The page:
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ISSUE 117 VOL 7 PUBLISHED 11/7/2003

Critic's Corner

By Molly Bayrd
Variety Editor

Friday, November 7, 2003

When attempting to remake a classic horror film, a director has one of two options at his disposal. He can: improve the cinematography of the film and expound upon the plot, or throw the plot out the window and shoot for some serious gore. Apparently Marcus Nispel, director of the recent adaptation of “The Texas Chainsaw Massacre,” opted for the latter.

Not that the modernized version of Tobe Hooper’s terrifying slasher flick is a blood-fest devoid of any genuinely suspenseful moments. The fictional chainsaw-wielder Thomas Hewitt, more commonly known as “Leatherface,” is just as frightening in the 2003 film as he was the first time around. With no dialogue, his villainous appeal lies in his beefed-up arsenal, which consists of meat hooks and axes (as well as his trademark saw).

The plot of “The Texas Chainsaw Massacre” follows the tired pattern of many horror films past: a group of young adults make their way across Texas during the idyllic summer of 1973. Their intended destination: a Lynyrd Skynyrd concert in Dallas, to which they have front row tickets.

Trouble for the group commences when they slow their van to pick up a despondent hitchhiker who, once inside, proceeds to warn the concertgoers of their impending deaths before shooting herself with a concealed pistol. Not surprisingly, everything beyond the hitcher’s death has doom (and a gratuitous amount of bloodshed) written all over it. Soon the characters are getting picked off, one by one, in gruesome acts of butchery.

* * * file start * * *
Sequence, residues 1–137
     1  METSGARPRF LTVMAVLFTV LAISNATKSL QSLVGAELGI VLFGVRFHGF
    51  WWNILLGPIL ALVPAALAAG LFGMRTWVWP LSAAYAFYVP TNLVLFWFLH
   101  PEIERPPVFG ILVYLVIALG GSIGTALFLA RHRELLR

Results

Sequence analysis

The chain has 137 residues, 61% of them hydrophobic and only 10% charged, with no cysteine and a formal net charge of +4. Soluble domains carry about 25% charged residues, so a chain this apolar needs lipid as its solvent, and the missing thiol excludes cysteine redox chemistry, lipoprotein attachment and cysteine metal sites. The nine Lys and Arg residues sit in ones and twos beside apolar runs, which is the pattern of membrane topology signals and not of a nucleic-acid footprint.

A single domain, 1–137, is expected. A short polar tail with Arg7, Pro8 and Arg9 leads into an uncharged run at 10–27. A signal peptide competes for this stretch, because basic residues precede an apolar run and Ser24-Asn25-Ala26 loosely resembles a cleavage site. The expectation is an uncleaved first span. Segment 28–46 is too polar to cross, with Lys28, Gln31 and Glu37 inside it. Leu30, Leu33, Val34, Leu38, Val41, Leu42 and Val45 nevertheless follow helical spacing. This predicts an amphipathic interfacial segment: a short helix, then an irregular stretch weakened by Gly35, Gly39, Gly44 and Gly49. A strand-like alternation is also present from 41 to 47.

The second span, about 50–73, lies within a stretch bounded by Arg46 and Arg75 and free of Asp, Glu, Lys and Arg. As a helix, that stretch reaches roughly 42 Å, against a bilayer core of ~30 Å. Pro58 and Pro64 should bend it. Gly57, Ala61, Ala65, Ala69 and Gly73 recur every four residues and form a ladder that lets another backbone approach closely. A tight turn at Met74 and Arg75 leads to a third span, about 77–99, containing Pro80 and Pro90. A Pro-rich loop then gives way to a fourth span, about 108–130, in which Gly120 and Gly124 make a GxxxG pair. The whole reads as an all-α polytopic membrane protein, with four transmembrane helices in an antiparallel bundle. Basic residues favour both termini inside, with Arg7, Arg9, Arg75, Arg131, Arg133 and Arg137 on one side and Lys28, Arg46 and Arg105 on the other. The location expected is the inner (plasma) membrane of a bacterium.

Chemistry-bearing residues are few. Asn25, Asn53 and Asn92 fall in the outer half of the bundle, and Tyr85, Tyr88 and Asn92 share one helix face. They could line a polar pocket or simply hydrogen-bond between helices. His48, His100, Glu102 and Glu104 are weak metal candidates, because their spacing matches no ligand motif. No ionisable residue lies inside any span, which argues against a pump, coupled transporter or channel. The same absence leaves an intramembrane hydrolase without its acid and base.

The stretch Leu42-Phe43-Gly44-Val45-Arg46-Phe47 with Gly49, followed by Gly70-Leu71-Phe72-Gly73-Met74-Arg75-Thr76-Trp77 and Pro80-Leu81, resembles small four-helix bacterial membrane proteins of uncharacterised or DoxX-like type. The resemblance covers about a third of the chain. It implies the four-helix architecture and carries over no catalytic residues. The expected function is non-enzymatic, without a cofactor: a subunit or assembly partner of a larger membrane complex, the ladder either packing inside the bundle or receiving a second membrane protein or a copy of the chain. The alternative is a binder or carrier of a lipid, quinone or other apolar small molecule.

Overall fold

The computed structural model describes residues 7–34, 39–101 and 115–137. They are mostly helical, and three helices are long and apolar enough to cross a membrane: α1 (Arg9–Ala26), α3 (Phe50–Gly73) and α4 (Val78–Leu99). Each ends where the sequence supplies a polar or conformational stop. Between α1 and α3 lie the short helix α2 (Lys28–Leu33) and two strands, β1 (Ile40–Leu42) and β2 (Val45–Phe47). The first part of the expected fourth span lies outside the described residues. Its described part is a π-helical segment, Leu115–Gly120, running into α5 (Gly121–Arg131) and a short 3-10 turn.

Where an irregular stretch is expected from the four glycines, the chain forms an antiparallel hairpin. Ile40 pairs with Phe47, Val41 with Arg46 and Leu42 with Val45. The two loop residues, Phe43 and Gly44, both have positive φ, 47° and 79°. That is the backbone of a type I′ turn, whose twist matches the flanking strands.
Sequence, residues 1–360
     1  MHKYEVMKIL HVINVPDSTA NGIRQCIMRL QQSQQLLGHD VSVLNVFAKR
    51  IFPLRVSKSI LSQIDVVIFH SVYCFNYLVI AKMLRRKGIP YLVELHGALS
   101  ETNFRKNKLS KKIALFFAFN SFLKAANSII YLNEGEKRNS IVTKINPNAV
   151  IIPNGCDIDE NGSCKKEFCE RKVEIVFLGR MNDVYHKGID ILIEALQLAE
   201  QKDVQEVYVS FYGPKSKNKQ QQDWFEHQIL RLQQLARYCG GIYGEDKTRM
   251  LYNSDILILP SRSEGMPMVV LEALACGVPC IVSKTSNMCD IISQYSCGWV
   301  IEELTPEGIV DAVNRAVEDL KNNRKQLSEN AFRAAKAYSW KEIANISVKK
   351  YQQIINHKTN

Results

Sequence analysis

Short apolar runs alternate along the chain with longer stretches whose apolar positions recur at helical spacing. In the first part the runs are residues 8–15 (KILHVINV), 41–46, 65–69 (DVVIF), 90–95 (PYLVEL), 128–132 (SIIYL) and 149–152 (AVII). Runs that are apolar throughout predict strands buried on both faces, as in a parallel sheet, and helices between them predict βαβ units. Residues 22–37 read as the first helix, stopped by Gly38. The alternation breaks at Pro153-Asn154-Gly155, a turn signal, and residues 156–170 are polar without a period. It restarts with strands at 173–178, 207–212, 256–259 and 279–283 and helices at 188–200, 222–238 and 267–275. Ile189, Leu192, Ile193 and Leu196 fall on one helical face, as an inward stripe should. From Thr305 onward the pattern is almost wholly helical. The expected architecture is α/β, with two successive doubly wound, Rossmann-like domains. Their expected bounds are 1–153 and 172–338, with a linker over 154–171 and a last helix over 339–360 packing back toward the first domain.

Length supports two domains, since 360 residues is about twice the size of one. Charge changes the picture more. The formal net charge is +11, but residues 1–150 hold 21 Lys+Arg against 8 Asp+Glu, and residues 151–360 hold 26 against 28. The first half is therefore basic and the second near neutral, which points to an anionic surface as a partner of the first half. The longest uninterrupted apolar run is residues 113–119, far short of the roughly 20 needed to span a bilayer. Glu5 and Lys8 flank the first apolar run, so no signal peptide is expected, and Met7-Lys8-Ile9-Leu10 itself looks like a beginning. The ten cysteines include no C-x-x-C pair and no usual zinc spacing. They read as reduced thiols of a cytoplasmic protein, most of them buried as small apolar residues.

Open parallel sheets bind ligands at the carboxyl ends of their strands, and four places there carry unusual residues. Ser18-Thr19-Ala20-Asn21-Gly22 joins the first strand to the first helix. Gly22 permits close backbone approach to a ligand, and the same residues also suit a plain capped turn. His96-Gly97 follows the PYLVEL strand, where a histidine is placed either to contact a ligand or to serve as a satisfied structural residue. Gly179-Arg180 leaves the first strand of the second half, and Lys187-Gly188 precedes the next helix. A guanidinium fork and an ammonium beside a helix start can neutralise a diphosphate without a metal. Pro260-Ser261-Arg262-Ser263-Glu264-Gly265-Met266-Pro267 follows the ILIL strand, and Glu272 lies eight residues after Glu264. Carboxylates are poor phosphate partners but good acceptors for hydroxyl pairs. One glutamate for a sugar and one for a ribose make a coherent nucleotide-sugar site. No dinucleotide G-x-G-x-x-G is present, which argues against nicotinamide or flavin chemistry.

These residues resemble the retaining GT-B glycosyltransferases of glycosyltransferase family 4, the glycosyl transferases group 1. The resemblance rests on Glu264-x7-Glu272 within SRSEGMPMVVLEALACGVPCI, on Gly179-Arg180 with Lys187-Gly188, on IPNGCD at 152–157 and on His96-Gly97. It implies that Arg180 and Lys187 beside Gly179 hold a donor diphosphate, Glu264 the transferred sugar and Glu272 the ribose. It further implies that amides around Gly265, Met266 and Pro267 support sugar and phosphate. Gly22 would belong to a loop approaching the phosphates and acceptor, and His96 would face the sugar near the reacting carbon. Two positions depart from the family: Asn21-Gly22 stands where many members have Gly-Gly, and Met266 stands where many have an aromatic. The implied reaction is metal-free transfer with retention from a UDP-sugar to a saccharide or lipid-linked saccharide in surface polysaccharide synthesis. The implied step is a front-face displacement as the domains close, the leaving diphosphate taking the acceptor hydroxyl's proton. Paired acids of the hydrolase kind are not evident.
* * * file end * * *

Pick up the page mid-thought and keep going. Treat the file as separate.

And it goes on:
As in the case with the original film, 2003’s “Massacre” is loosely based upon a Plainfield, Wisc. man named Ed Gein, who in 1957 was arrested for several extensive acts of homicide. Most of the murders were characterized by the grisly dismemberment of women, whose body parts Gein used to create furniture and clothing. Other films, such as “Psycho” and “Silence of the Lambs,” also drew their inspiration from Gein’s horrific story.

Lacking the bizarre psychological component of cannibalism that fueled Hooper’s film, 2003’s “Massacre” is weighed down by its jumbled plot – a stolen baby and an unexplained cache of Mexican-grown marijuana a are two seemingly unnecessary twists – and it falters with its incessant focus on Jessica Biel’s curvy physique. And, rather than seeking his prey to satisfy the needs of his blood-drinking family, the modernized Leatherface slays his victims in order to use their faces as masks to conceal his own unsightly skin diesease.

Though “Massacre” does its best to improve the supposed inadequacies of its 1974 predecessor, it falls short of the mark. There is enough blood, and enough footage of Jessica Biel’s wet t-shirt to give any teenager a cheap R-rated thrill, but the movie fails to saw its way into the hearts of most horror-film fanatics.

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